A variety of treatment options are available for RA. It’s important to work with your doctor to determine which medication, or combination of treatments, is best for you.

Nonsteroidal anti-inflammatory (NSAID) drugs

NSAIDs provide symptomatic relief from pain and inflammation, but they don’t alter the progression of the disease. They may also pose some risk for heart and stroke issues.

This class of drugs includes over-the-counter (OTC) medications and prescription COX-2 inhibitor drugs. OTC options of NSAIDs include:

  • ibuprofen (Advil, Motrin IB, Nuprin)
  • naproxen sodium (Aleve)

Prescription NSAIDs options include:

  • celecoxib (Celebrex)
  • ibuprofen (prescription-strength)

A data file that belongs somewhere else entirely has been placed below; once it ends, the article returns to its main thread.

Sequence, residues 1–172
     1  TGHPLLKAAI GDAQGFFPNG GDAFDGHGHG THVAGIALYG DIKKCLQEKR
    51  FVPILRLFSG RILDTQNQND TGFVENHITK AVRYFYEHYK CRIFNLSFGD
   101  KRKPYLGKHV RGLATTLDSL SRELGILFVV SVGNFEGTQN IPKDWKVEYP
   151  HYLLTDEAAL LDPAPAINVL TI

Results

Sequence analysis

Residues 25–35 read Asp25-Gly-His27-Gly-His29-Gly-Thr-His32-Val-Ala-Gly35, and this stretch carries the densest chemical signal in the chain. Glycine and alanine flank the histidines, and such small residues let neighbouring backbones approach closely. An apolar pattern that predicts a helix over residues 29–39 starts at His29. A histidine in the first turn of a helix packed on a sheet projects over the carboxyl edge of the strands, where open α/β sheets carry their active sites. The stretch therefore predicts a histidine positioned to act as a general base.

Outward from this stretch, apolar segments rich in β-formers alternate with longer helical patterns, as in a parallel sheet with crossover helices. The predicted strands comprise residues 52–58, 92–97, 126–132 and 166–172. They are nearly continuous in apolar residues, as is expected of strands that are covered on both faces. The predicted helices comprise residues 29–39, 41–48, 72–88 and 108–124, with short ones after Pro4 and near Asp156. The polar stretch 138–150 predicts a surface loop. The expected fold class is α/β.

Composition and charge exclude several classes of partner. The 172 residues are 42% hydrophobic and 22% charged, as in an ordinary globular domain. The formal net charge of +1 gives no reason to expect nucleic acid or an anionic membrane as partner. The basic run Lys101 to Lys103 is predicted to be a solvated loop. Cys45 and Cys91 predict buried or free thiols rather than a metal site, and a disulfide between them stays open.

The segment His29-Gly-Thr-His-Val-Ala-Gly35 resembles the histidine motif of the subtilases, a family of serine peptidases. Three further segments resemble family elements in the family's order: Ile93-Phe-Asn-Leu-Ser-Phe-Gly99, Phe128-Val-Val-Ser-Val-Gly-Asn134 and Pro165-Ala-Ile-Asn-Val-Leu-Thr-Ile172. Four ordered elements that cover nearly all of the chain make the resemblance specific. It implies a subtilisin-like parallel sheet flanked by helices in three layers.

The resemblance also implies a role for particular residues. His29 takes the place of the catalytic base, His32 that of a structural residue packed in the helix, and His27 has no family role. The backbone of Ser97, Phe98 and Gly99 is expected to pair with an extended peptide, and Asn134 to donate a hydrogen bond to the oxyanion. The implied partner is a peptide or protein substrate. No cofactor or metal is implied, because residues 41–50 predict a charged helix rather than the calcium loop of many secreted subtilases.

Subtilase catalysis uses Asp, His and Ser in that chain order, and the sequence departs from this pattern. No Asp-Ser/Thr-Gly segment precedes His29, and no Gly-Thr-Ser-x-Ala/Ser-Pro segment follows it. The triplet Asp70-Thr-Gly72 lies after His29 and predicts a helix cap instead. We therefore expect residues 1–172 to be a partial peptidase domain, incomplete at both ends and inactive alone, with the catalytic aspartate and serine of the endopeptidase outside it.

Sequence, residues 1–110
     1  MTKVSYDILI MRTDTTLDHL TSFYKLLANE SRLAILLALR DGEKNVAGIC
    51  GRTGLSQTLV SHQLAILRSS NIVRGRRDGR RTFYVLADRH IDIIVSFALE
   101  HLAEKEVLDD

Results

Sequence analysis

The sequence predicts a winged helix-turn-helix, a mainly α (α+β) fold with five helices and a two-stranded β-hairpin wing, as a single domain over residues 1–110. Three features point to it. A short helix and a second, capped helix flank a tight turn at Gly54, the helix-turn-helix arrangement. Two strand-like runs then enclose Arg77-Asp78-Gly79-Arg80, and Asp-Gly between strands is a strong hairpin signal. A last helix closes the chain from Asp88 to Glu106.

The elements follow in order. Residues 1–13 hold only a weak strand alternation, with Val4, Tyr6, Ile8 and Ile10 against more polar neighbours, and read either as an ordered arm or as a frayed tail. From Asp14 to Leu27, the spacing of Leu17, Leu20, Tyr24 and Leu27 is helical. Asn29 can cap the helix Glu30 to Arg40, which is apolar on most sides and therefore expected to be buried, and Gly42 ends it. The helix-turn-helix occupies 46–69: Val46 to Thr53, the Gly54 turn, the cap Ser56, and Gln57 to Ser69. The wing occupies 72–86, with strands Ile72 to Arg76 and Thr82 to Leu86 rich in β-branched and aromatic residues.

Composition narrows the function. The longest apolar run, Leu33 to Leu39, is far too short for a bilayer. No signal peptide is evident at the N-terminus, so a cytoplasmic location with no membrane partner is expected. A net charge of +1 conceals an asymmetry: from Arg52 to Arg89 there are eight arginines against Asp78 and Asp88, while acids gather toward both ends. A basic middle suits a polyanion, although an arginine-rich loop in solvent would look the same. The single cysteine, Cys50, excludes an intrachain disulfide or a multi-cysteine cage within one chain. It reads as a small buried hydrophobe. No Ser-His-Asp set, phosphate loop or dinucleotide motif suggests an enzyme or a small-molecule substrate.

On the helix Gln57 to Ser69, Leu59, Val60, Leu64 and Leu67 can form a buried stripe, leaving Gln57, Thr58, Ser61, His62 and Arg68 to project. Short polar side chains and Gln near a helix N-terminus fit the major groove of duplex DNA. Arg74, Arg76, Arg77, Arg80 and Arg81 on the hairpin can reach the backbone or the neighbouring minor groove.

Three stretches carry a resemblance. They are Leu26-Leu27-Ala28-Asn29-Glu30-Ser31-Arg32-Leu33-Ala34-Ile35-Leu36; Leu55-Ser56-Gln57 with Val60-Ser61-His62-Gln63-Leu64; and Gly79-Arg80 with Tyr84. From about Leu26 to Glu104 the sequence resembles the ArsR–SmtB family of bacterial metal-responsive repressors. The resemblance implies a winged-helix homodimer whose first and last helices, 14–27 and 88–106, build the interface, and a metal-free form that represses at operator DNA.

• nabumetone (Relafen)
  • naproxen sodium (prescription-strength)
  • naproxen (Naprosyn)
  • piroxicam (Feldene)
  • meloxicam (Mobic)

Disease-modifying antirheumatic drugs (DMARDs)

Unlike NSAIDs, which only treat the symptoms of RA, DMARDs work to suppress underlying inflammation in the body on a broad level. This helps both manage RA symptoms and slow the progression of the disease.

DMARDs are available by prescription only. Options include:

  • methotrexate
  • hydroxychloroquine
  • sulfasalazine
  • leflunomide

DMARDs may take several weeks or even months to take effect. In some cases, two or more DMARDs are prescribed to achieve the best possible outcomes.

Biologic drugs

Like DMARDs, biologics suppress the immune system to manage symptoms and slow or even halt the progression of RA. However, they work in a much more targeted way compared with DMARDs.

Biologics treatment options include:

  • etanercept (Enbrel)
  • infliximab (Remicade)
  • adalimumab (Humira)
  • anakinra (Kineret)
  • abatacept (Orencia)
  • rituximab (Rituxan)
  • certolizumab pegol (Cimzia)
  • golimumab (Simponi)
  • tocilizumab (Actemra)